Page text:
Meanwhile, a deckhand aboard Karen Koby inspected the barge before getting underway from a fuel dock near the mouth of the Calcasieu River. He noted a 1-by-2-inch rust hole on the deck of the port barge at the stern. He documented that multiple hatch covers were in poor condition and not physically locked down and that two hatch covers were missing altogether. 

The captain summoned the Rigid personnel, and the tug’s deckhand watched as a Rigid employee covered an open hatch on the port barge rake with a dewatering pump and another on the port stern with a metal plate, the report said. 

That was apparently good enough for Karen Koby’s captain, who got underway soon afterward, at about 5:30 p.m. and did not report the barge’s condition to his home office – despite a mandate to do so. 

The voyage proceeded normally until the tow suddenly lost speed at about 3:30 a.m. the next day. The mate saw the tug’s speed drop from 5.2 knots to 4.5 knots and then to 3 knots nine minutes later, as he and the captain looked aft for the barge.

After attempting to see the Ambition in the pre-dawn darkness, the mate watched it roll over at about 4 a.m. The unmanned barge came to rest with its port bow stuck on the seafloor and its starboard quarter above the water. 

NTSB investigators learned the barge had been towed offshore up to 12 times a year before the sinking, despite not having the required load line certificate. According to the report, Rigid Constructor’s president of marine operations reportedly was not aware that one was required.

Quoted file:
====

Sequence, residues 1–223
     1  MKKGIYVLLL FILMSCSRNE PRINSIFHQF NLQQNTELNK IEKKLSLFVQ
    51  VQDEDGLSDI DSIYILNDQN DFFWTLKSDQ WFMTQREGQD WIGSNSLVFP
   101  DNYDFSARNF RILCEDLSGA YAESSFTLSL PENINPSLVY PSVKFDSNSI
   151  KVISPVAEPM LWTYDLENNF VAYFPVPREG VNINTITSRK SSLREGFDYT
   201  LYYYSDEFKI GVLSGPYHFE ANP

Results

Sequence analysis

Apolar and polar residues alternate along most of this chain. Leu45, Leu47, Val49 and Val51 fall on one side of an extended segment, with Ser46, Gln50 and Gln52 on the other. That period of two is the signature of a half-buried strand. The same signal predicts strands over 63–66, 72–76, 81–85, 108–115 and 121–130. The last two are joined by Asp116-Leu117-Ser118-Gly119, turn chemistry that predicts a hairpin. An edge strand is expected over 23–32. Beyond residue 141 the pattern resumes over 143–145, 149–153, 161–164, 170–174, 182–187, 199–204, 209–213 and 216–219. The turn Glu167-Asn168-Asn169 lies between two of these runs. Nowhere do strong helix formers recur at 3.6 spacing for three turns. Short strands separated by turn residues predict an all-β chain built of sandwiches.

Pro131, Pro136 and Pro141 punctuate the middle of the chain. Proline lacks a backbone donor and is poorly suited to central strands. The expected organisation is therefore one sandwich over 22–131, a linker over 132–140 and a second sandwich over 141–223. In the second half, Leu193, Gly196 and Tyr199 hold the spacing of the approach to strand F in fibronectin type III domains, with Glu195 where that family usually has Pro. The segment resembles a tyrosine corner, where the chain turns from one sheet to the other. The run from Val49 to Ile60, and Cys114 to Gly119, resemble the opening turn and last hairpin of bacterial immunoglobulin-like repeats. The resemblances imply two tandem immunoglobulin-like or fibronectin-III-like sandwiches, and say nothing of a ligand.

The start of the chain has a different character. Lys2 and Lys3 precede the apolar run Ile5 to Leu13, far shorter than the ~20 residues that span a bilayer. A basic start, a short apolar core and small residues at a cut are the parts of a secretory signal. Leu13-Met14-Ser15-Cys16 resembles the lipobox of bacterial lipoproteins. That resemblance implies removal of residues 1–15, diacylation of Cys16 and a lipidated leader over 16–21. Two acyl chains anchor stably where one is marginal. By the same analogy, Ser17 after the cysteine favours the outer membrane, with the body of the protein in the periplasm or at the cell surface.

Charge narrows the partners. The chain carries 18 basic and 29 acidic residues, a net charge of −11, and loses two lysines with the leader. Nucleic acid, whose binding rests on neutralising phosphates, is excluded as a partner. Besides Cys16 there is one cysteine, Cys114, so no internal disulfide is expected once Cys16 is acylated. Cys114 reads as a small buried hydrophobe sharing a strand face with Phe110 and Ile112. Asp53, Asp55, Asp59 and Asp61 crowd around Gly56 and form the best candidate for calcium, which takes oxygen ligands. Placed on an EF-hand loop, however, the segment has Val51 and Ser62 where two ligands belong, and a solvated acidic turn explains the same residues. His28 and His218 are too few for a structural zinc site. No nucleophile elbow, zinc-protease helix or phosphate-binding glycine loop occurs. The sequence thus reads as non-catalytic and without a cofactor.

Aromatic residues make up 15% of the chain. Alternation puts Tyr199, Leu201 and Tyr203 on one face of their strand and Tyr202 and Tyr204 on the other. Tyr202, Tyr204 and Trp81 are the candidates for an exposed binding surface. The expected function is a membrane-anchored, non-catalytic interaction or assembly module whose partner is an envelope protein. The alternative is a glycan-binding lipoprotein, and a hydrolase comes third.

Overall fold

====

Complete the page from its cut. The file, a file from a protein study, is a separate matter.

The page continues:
After the salvage, investigators discovered that at least six hatches were not covered or fully secured, and that the barge showed signs of metal wastage and corrosion, along with the temporary repairs carried out to mitigate those issues. 

“Post-casualty examination of the port barge found a 25-foot-long separation along the weld seam between the bottom plate and bilge knuckle plate with both plates exhibiting severely wasted steel,” the NTSB report said, noting that the damage likely did not occur during salvage. 

“At some point,” the report continued, “a temporary repair, which consisted of steel plates welded to the floor and knuckle plating, forming a box inside compartment No. 1S, had been made to the area around the separation, to contain water ingress. Three soft patches with strongback-type bolts, typically used for temporary repairs, were found along the failed seam.”

Based on these findings, the NTSB believes the original water ingress occurred in compartment 1S, located forward on the inboard side of the port barge. They also believe wastage along the centerline watertight bulkhead allowed seawater to flow into adjacent compartments. 

With only about a foot of residual freeboard in the 2-3-foot seas, investigators found that “any increase in draft forward would have likely exposed the open hatch at the port corner to seas reaching the main deck, and eventual down flooding in the rake void space below.”